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Senator Charles Sumner, whose caning at the hands of Rep. Preston Brooks on the floor of the US Senate in 1856 escalated tensions between the Northern and Southern states prior to the #CivilWar, died #OTD in 1874 at the age of 63. He is buried in @MountAuburnCem in Cambridge, MA.
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Edmund Kirby was born #OTD in 1840, in Brownville, NY. The town was named for his maternal grandfather, Major General Jacob Brown, who was the first man to hold the title of Commanding General of the @USArmy. Kirby's father was also an Army officer.
Following family tradition, Kirby attended @WestPoint_USMA & graduated in the Class of 1861. With the #CivilWar already raging, he was quickly commissioned as an artillery officer & promoted. He saw action at the Battles of First @ManassasNPS, Ball's Bluff, and @Antietamnps1862.
During the Battle of Chancellorsville in May, 1863, Kirby took over command of the 5th Maine Battery, part of John Reynolds' I Corps, when all of the battery's officers had been killed or wounded. Kirby was struck in the thigh, but insisted the guns be removed before he was.
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General William Rosecrans died #OTD in 1898 at the age of 78. A graduate of @WestPoint_USMA, he secured several critical victories for the @USArmy in the Western Theater of the #CivilWar, including the Battles of Iuka, Corinth, and @StonesRiverNPS.
Unfortunately, he was most known for being in command during the disastrous rout of the Army of the Cumberland during the Battle of @ChickamaugaNPS. His confusing order had created a gap in his lines, through which a confederate corps attacked.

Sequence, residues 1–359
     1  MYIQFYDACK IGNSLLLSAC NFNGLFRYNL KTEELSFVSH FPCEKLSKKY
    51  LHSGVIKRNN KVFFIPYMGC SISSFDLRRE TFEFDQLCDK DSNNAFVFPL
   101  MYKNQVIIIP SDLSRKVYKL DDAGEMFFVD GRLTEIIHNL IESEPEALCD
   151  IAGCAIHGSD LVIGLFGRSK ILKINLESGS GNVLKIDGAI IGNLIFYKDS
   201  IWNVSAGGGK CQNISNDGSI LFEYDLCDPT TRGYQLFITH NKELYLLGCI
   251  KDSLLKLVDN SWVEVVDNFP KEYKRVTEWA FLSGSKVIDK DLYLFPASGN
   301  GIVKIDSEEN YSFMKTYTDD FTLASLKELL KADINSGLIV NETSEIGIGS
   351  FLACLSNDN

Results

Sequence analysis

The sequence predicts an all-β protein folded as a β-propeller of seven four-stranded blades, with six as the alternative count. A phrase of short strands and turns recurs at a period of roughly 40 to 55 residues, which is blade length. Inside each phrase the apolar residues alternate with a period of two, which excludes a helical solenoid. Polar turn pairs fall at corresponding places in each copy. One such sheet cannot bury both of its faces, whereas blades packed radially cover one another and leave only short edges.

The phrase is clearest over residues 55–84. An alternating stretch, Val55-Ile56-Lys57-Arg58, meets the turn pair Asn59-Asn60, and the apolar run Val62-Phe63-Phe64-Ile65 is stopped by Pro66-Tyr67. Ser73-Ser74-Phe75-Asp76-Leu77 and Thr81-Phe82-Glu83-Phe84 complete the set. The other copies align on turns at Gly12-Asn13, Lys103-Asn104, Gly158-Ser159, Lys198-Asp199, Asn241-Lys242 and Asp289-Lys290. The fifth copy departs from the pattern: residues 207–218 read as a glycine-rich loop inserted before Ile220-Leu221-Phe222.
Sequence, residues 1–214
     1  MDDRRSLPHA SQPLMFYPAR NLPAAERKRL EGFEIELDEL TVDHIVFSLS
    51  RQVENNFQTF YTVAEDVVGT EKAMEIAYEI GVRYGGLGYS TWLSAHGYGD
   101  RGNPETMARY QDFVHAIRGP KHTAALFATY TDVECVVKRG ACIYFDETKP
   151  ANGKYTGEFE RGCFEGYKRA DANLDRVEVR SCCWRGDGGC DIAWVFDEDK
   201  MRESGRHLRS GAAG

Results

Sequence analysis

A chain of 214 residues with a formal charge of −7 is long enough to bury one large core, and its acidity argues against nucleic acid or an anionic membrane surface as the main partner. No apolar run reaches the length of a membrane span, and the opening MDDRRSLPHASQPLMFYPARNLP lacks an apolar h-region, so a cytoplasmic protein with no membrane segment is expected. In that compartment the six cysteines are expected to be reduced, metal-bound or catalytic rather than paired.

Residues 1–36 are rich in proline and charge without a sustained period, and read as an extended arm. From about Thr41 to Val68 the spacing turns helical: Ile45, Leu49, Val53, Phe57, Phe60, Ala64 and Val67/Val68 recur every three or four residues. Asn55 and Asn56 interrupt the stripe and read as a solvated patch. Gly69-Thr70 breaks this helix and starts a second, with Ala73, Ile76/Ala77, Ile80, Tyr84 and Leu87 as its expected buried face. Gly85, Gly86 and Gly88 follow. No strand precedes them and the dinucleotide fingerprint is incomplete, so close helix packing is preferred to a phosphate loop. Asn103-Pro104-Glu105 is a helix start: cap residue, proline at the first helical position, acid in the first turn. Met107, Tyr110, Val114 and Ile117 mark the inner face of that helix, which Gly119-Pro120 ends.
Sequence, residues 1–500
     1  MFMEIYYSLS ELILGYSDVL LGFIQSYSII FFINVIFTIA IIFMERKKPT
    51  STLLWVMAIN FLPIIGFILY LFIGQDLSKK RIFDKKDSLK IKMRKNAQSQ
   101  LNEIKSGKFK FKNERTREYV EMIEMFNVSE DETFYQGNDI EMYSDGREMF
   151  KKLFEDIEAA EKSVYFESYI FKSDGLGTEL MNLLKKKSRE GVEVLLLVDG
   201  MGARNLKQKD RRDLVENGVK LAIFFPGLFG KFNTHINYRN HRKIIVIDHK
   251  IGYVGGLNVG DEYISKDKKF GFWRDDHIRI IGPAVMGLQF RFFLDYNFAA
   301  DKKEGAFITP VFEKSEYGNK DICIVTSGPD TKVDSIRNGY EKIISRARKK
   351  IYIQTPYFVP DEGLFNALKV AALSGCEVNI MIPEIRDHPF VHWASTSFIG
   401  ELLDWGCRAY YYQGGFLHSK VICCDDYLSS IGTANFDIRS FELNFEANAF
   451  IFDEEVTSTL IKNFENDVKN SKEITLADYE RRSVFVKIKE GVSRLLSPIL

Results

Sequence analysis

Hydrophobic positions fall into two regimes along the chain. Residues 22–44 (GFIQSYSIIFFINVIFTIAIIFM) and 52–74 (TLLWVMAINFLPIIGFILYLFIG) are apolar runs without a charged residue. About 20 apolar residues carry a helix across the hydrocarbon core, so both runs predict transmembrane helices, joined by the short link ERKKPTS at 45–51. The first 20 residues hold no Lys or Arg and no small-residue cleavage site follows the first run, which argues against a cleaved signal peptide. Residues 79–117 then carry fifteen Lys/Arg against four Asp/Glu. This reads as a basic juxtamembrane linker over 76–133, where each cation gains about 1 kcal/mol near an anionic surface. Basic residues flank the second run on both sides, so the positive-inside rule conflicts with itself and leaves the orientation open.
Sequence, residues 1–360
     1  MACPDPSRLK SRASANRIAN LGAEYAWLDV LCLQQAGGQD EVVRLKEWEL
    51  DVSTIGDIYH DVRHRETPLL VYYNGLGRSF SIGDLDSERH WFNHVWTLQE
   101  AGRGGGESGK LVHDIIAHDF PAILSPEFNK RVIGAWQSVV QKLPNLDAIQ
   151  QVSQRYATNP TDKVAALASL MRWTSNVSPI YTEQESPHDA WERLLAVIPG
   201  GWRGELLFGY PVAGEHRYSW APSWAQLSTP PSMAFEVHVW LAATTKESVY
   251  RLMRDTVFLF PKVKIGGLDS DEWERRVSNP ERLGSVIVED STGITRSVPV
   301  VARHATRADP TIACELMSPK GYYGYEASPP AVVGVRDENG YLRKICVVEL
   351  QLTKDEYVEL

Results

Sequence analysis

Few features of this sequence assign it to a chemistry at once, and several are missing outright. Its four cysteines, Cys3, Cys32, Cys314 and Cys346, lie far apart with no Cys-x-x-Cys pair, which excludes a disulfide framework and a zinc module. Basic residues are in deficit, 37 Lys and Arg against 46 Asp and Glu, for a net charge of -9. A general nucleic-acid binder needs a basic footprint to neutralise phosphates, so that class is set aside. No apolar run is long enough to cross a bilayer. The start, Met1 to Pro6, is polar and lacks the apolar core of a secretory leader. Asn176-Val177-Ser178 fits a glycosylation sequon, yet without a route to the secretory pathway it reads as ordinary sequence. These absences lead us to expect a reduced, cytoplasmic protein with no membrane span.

As his troops retreated, Rosecrans also elected to abandon the field, ordering General George Thomas to take command of any remaining troops and withdraw, while Rosecrans himself rode to Chattanooga. Thomas conducted a stoic defense and withdrew the army in good order.
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The Battle of Monroe’s Crossroads was fought #OTD in 1865, between confederate troops under Wade Hampton and U.S. forces under Hugh Kilpatrick. It was one of the final all-cavalry engagements of the #CivilWar, and was largely a draw. The site is now on the grounds of @FtBraggNC. ImageImageImageImage
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Harriet Tubman, who escaped slavery and became a political activist and abolitionist, died #OTD in 1913. Born with the name Araminta “Minty” Ross on a plantation in Dorchester County, MD, the exact date of her birth is not known. #WomensHistoryMonth Image
She escaped slavery in 1849 and settled in Philadelphia. After hearing that some members of her family were to be sold, she returned to Maryland to help them escape. This was the first of 13 trips she made to the South, freeing 70 escaped slaves, earning her the nickname “Moses”. ImageImageImage
During the #CivilWar, Tubman worked for the @USArmy as a spy and armed scout, participating in raids in South Carolina that freed hundreds of additional slaves.
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#OTD in 1865 Charleston, South Carolina Mayor Charles Macbeth surrendered the city to Lieutenant Colonel A.G. Bennett of the 21st United States Colored Troops. The city had been under siege since the summer of 1863 and its harbor contained Ft. Sumter, where the war began.
Confederate General Beauregard ordered the evacuation three days earlier, nearly four years after he commanded the initial assault of Ft. Sumter in April, 1861. By the afternoon a company of the 54th Mass. (USCT) was helping to extinguish the flames set by the retreating rebels.
Many of the first Union soldiers to enter Charleston were from the USCT and they left a wake of liberation for Black Charlestonians who were legally enslaved the day prior. Days later the 55th Mass. (USCT) walked the streets of downtown singing "John Brown's Body."